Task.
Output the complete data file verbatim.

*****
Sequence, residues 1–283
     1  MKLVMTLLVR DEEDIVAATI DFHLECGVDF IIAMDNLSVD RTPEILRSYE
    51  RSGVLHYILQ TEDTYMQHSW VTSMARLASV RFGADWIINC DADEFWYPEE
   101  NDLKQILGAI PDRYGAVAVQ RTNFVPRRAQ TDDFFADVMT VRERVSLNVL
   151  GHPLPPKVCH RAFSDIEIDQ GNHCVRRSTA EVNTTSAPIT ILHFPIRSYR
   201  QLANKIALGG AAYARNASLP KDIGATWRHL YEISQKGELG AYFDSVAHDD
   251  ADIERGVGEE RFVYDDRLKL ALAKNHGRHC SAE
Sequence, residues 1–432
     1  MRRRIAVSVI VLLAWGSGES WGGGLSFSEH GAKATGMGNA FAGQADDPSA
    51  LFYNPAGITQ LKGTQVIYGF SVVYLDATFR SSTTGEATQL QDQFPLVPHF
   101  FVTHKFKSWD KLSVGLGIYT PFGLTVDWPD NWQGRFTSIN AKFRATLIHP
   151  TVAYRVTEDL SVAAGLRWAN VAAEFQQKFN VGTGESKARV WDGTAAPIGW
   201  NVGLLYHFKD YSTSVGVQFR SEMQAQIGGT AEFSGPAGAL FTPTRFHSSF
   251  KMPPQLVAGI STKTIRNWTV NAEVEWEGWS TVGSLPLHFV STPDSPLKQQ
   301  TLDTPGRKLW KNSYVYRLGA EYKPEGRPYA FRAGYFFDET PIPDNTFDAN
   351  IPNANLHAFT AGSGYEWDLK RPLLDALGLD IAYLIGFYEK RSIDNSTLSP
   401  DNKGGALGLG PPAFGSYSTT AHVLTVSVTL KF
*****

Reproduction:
Sequence, residues 1–283
     1  MKLVMTLLVR DEEDIVAATI DFHLECGVDF IIAMDNLSVD RTPEILRSYE
    51  RSGVLHYILQ TEDTYMQHSW VTSMARLASV RFGADWIINC DADEFWYPEE
   101  NDLKQILGAI PDRYGAVAVQ RTNFVPRRAQ TDDFFADVMT VRERVSLNVL
   151  GHPLPPKVCH RAFSDIEIDQ GNHCVRRSTA EVNTTSAPIT ILHFPIRSYR
   201  QLANKIALGG AAYARNASLP KDIGATWRHL YEISQKGELG AYFDSVAHDD
   251  ADIERGVGEE RFVYDDRLKL ALAKNHGRHC SAE
Sequence, residues 1–432
     1  MRRRIAVSVI VLLAWGSGES WGGGLSFSEH GAKATGMGNA FAGQADDPSA
    51  LFYNPAGITQ LKGTQVIYGF SVVYLDATFR SSTTGEATQL QDQFPLVPHF
   101  FVTHKFKSWD KLSVGLGIYT PFGLTVDWPD NWQGRFTSIN AKFRATLIHP
   151  TVAYRVTEDL SVAAGLRWAN VAAEFQQKFN VGTGESKARV WDGTAAPIGW
   201  NVGLLYHFKD YSTSVGVQFR SEMQAQIGGT AEFSGPAGAL FTPTRFHSSF
   251  KMPPQLVAGI STKTIRNWTV NAEVEWEGWS TVGSLPLHFV STPDSPLKQQ
   301  TLDTPGRKLW KNSYVYRLGA EYKPEGRPYA FRAGYFFDET PIPDNTFDAN
   351  IPNANLHAFT AGSGYEWDLK RPLLDALGLD IAYLIGFYEK RSIDNSTLSP
   401  DNKGGALGLG PPAFGSYSTT AHVLTVSVTL KF